Microsoft to back Cyanogen’s plan to weaken Google’s control of Android
Microsoft hasn’t found the amount of success it wanted to see in mobile. Windows Phone is still just 3% of the mobile market, and even with its moves in acquiring Nokia’s mobile division, the company is still struggling to re-invent itself internally. You could assume that Microsoft’s interests in Android are low, given how the company killed the Nokia X project, but it seems these plans have changed.
Microsoft is apparently going to invest a minority share of $70 million in Cyanogen, leaving what was once a simple ROM alternative, into a company that’s now worth hundreds of millions. No reason for the investment has been confirmed, but given Cyanogen’s interest in raising cash in order to weaken Google’s control over Android, that could be more than enough of a reason. Google currently forces OEMs to allow its Google Play services to be predominant on Android smartphones, in exchange for access to services like YouTube among others. Cyanogen has been working on building its own forked-version of Android, and giving users the freedom to choose.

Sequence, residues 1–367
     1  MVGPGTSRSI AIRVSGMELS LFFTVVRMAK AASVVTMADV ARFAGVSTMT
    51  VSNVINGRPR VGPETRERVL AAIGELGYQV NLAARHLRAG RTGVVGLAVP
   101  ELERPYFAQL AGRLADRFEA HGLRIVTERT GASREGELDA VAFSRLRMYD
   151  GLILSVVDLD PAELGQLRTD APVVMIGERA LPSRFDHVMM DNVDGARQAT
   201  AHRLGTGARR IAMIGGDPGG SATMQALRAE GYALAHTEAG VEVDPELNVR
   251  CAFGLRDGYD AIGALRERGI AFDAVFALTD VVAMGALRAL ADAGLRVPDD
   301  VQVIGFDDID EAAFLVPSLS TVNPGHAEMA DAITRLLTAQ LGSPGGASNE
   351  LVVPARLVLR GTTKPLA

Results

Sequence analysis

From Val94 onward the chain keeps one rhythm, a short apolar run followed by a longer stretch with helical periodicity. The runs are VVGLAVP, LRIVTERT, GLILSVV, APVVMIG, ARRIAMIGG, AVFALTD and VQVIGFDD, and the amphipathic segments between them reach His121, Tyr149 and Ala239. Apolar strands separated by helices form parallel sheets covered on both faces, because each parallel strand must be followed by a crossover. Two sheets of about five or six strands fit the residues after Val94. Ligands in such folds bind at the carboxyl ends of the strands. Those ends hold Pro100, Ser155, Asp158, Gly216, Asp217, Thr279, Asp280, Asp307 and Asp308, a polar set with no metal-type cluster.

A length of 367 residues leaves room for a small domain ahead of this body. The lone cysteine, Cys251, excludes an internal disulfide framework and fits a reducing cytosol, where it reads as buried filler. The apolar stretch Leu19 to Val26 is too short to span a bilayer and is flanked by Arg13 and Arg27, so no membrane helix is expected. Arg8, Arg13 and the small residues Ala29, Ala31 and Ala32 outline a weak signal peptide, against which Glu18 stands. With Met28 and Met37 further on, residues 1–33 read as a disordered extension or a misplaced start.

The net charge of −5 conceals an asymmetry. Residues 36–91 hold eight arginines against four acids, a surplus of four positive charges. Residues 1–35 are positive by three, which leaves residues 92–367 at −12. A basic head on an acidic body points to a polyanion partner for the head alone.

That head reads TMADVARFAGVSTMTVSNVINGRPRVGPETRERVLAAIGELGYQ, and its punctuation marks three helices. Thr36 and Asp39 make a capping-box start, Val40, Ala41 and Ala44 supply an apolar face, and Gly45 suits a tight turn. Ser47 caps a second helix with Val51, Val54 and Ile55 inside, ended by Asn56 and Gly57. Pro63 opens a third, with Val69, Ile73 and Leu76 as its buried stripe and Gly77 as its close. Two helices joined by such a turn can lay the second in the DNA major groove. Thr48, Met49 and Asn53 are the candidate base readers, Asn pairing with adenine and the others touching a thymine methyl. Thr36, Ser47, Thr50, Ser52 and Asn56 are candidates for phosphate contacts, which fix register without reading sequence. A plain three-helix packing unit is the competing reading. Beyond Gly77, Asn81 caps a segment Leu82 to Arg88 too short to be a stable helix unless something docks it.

We still don’t know how far we are from seeing progress in this deal, but if it goes through, prepare to see CyanogenMod offering Bing as a default search engine.